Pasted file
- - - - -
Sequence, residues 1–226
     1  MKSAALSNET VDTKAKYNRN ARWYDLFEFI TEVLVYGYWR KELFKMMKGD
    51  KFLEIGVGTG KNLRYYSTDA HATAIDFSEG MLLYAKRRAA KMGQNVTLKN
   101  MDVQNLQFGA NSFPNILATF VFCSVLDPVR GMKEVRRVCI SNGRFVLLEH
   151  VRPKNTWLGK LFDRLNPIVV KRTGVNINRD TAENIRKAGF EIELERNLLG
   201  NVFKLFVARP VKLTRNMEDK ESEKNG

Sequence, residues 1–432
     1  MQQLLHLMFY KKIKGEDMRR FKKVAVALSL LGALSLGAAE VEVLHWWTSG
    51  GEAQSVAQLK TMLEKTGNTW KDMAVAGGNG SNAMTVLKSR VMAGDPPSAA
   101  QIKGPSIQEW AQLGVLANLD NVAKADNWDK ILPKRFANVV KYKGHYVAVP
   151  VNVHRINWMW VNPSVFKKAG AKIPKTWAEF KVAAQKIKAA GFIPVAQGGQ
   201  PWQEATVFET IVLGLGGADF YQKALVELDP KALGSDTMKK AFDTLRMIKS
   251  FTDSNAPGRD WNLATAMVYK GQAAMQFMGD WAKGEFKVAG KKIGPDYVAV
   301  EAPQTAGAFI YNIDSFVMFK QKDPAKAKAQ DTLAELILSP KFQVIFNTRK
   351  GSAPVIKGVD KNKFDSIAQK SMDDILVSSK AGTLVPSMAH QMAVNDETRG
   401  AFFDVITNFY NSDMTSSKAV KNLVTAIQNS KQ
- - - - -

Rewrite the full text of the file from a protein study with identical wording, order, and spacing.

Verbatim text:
Sequence, residues 1–226
     1  MKSAALSNET VDTKAKYNRN ARWYDLFEFI TEVLVYGYWR KELFKMMKGD
    51  KFLEIGVGTG KNLRYYSTDA HATAIDFSEG MLLYAKRRAA KMGQNVTLKN
   101  MDVQNLQFGA NSFPNILATF VFCSVLDPVR GMKEVRRVCI SNGRFVLLEH
   151  VRPKNTWLGK LFDRLNPIVV KRTGVNINRD TAENIRKAGF EIELERNLLG
   201  NVFKLFVARP VKLTRNMEDK ESEKNG

Sequence, residues 1–432
     1  MQQLLHLMFY KKIKGEDMRR FKKVAVALSL LGALSLGAAE VEVLHWWTSG
    51  GEAQSVAQLK TMLEKTGNTW KDMAVAGGNG SNAMTVLKSR VMAGDPPSAA
   101  QIKGPSIQEW AQLGVLANLD NVAKADNWDK ILPKRFANVV KYKGHYVAVP
   151  VNVHRINWMW VNPSVFKKAG AKIPKTWAEF KVAAQKIKAA GFIPVAQGGQ
   201  PWQEATVFET IVLGLGGADF YQKALVELDP KALGSDTMKK AFDTLRMIKS
   251  FTDSNAPGRD WNLATAMVYK GQAAMQFMGD WAKGEFKVAG KKIGPDYVAV
   301  EAPQTAGAFI YNIDSFVMFK QKDPAKAKAQ DTLAELILSP KFQVIFNTRK
   351  GSAPVIKGVD KNKFDSIAQK SMDDILVSSK AGTLVPSMAH QMAVNDETRG
   401  AFFDVITNFY NSDMTSSKAV KNLVTAIQNS KQ